The Glory Of Gorey

Edward Gorey is one of my favorite artists of all time. His darkly neo-Victorian tales of mystery, woe and fatal accidents, peppered with peculiar characters, surreal imagery and quirky wordplay, have always captured my imagination. He did everything from illustrate books to design costumes and sets for the theatre (he won the Tony Award for Best Costume Design for the 1977 Broadway production of Dracula) to provide the animated opening to the famous PBS series Mystery!. Gorey passed away in 2000 at his home on Cape Cod, which has since been transformed into a museum dedicated to his life, art and legacy.

I was delighted to recently discover a new exhibit of his work at the Boston Athenæum, entitled Elegant Enigmas: The Art of Edward Gorey, which runs until June 4, 2011. The collection on display, courtesy of the Gorey Charitable Trust, encompasses original pen and ink illustrations, preparatory sketches, unpublished drawings and ephemera including rare handmade dolls of Gorey characters. There are approximately 180 objects on display, including selections from the books The Gashlycrumb Tinies and The Unstrung Harp, costume design from a production of The Mikado and colorfully illustrated envelopes he mailed to his mother in 1948 while studying at Harvard.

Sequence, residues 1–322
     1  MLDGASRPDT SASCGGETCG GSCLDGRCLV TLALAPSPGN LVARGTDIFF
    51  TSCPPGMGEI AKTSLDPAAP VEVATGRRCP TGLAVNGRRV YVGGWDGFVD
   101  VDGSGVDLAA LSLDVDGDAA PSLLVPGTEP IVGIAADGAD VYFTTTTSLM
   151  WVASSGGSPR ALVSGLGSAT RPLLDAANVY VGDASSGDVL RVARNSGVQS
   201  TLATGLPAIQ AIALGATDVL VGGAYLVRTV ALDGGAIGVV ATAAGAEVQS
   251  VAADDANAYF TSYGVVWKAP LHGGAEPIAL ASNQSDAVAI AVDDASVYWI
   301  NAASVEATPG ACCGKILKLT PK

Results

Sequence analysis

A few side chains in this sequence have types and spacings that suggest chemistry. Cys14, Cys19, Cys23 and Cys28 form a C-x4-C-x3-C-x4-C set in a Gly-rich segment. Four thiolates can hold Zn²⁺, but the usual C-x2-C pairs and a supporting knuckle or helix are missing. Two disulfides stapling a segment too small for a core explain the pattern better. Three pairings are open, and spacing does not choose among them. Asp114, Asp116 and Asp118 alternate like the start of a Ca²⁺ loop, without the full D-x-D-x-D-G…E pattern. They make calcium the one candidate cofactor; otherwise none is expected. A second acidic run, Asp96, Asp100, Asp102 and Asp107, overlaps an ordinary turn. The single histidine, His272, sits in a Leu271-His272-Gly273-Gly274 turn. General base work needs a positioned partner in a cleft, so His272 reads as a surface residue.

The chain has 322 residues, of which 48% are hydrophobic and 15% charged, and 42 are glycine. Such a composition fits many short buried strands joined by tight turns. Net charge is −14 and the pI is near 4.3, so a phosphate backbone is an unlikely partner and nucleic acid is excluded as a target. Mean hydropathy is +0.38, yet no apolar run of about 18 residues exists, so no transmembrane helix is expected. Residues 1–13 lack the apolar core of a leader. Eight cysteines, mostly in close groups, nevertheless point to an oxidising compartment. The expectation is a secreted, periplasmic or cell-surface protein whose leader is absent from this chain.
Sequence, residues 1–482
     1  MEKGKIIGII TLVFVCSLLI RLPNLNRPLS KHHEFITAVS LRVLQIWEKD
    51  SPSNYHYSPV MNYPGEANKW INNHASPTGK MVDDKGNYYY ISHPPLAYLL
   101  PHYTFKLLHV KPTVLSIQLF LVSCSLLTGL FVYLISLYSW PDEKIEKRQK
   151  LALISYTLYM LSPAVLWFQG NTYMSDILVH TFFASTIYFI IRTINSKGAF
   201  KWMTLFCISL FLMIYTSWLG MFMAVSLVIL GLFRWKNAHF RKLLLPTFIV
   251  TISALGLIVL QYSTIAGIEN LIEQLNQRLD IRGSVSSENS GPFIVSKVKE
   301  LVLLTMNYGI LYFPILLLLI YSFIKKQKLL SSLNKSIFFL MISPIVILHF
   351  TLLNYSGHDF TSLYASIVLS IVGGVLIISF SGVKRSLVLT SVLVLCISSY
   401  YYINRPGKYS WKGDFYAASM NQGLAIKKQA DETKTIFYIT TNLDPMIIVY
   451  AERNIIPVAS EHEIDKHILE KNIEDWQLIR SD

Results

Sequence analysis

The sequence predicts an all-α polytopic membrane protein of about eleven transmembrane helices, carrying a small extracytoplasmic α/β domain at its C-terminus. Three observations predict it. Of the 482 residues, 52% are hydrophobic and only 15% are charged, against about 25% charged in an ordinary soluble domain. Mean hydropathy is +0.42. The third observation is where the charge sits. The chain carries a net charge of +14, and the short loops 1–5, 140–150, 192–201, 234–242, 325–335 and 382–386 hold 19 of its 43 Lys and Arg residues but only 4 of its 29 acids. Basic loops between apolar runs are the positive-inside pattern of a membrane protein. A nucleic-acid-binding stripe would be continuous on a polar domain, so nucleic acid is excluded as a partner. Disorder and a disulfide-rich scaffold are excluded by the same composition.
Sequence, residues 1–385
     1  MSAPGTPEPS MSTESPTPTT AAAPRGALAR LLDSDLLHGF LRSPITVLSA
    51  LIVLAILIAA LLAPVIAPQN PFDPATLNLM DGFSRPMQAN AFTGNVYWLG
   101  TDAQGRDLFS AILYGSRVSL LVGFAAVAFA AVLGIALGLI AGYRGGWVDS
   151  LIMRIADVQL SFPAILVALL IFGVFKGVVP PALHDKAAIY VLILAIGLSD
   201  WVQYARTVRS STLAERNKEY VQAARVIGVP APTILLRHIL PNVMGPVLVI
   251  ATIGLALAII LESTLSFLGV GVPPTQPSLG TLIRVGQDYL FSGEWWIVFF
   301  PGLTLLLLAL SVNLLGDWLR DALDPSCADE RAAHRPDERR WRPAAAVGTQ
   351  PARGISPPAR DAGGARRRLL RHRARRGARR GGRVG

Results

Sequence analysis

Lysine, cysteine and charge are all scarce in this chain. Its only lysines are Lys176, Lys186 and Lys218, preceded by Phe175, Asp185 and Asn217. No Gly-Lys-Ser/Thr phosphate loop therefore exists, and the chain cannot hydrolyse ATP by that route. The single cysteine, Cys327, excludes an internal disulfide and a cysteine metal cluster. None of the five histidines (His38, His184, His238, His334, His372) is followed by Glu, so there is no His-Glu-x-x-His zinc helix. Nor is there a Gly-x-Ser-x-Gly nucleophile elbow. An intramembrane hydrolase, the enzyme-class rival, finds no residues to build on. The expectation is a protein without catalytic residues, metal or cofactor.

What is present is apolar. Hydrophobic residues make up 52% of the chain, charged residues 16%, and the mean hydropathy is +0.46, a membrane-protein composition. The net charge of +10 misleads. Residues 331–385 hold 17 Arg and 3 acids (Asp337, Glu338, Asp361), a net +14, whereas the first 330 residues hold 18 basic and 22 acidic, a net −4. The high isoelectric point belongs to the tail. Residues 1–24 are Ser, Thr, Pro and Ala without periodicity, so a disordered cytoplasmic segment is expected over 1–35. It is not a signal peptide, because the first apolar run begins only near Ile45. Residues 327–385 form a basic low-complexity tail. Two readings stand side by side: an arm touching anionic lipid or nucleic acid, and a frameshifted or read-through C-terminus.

If you’re a Gorey aficionado or have some interest in his work, head over to the Athenæum, located right near Boston Common, and check it out. Admission is only $5, and it takes about an hour to go through. Just the chance to see his incredibly detailed line work up close is fantastic. For those who cannot make the exhibition, the pieces on display have been cataloged and written about in a book with the same title.

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